Should NASA Return to the Moon?

As an aerospace engineering student at The University of Texas at Austin, I am particularly affected by this decision. In addition, I have reaped the benefits associated with funding NASA:

zerogravity
(this picture was taken aboard NASA’s Weightless Wonder)

I will admit that I once dreamed of working at NASA. Not anymore. In approaching any problem, I often desire to comprehend the underlying principles. This time is no different. One cannot deny that there are benefits to returning to the moon. According to NASA, a few reasons to return to the moon are:

  1. To “[extend] human presence to the moon to enable eventual settlement.”
  2. To “[pursue] scientific activities that address fundamental questions about the history of Earth, the solar system and the universe – and about our place in them.”
  3. To “[test] technologies, systems, flight operations and exploration techniques to reduce the risks and increase the productivity of future missions to Mars and beyond.”
  4. To “[provide] a challenging, shared and peaceful activity that unites nations in pursuit of common objectives.”
  5. To “[expand] Earth’s economic sphere, and conduct lunar activities with benefits to life on the home planet.”
  6. To “[use] a vibrant space exploration program to engage the public, encourage students and help develop the high-tech workforce that will be required to address the challenges of tomorrow.”

There is no doubt that these reasons are noble. But, are they in the best interest of society? That is not for me to say. Personally, I believe so. However, the more important question is whether or not NASA is capable of achieving these goals. There is no doubt in my mind that they are more than capable, but just because an organization is capable of something doesn’t mean it should be pursued.

I should state my opinion from the get-go: NASA is a government entity; therefore, it is inherently inefficient. As a result, the way in which it spends taxpayer dollars is ineffective. I will simply ask: after 51 years and $800b later (in 2007 dollars), what has NASA accomplished?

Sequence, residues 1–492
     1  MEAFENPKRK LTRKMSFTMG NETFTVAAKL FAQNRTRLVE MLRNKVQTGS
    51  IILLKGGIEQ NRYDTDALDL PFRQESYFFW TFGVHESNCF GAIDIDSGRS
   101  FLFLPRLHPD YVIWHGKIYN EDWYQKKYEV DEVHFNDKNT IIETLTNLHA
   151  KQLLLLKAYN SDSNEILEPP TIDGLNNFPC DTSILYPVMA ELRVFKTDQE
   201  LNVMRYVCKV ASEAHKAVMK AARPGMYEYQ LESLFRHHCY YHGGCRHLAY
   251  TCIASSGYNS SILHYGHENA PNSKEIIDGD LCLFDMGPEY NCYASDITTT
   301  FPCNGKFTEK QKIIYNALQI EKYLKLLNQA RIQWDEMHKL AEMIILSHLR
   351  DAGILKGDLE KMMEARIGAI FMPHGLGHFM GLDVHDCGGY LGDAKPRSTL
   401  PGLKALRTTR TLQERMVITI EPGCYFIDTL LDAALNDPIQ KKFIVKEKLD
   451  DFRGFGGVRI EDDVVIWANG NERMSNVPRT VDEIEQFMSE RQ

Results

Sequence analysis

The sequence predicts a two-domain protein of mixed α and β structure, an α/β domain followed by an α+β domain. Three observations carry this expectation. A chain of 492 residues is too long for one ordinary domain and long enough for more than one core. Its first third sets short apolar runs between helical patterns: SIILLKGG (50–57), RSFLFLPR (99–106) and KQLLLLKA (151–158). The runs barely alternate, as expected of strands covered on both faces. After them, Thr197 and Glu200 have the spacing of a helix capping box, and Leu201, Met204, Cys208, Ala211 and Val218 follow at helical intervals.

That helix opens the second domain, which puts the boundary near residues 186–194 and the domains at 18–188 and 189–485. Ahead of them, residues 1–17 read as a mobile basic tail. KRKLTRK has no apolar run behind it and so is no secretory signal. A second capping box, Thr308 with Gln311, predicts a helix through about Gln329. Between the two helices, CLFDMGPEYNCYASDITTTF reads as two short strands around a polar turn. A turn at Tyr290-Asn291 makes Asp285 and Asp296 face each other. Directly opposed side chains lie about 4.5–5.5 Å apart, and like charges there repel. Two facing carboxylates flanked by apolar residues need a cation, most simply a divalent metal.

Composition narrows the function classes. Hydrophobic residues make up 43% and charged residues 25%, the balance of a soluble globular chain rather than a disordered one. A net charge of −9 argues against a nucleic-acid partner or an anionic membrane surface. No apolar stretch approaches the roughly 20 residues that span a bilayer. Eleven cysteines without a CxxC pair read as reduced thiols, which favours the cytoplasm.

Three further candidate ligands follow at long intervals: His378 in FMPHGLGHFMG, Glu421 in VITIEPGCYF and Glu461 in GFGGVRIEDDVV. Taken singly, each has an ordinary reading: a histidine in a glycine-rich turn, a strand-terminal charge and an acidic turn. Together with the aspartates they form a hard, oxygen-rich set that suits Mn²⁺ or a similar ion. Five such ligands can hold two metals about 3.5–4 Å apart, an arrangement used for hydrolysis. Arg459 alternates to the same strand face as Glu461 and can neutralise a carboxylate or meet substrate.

The answers would most likely align with the reasons for NASA’s returning to the moon, as outlined above. Many people would argue that the technology and products that have spun off from NASA’s activities have more than accounted for its enormous budget. What exactly has NASA invented or helped invent? I have listed a few products and technologies below (I pulled this from a hardcore NASA fanboy website; therefore, some of them might be a stretch of the imagination):

  1. Scratch-resistant lenses
  2. Golf ball aerodynamics
  3. Solar energy
  4. Voice-controlled wheelchair
  5. Microcomputers

These people would argue that without NASA, products and technologies such as these wouldn’t exist. That claim falls flat on its place. After all, all of the products listed above (and on the website for that matter) have market applications. Therefore, at some point in time, they would have been invented.

The real question is: what wasn’t invented? After all, fifty one years and eight hundred billion dollars is a lot of money. To give you a perspective, Toyota’s total operating expenses from 03/31/2008 to 03/31/2009 were $234b. This means one could run Toyota for nearly four years (assuming that maximum losses were incurred each year).

Toyota isn’t the greatest example though. Toyota spends most of its money on manufacturing and selling vehicles that already exist, not research and development. Therefore, we should look at the cost of developing an idea (after all, NASA is credited with developing ideas).

According to a study (see [3]) published in 2006, the cost to develop a new pharmaceutical and bring it to market is between $500m and $2b. A notable portion of this cost is likely due to unnecessary regulations; therefore, it is reasonable to assume that these numbers would be lower if this wasn’t the case. Additionally, in a given year, only about 25 pharmaceuticals make it to market.

With this realization, we see that $800b is a significant portion of money. At the very least, it would account for anywhere from 400 to 1600 new pharmaceuticals. Or, in the time domain, anywhere from 16 to 64 years of pharmaceutical development (at a development speed of 25 pharmaceuticals per year). Imagine the diseases we could be treating!

With all this said, I think my answer should be clear. I do not think NASA should return to the moon. Furthermore, I think there is a valid argument for NASA being abolished altogether. However, I would like to add that abolishing NASA would accomplish virtually nothing with regards to the federal budget deficits we are and have been facing. After all, it accounts for less than .5% of the federal budget. The only viable option (currently) is to cut overseas spending on fruitless military ventures. Once this is done, we can discuss NASA and the welfare state.

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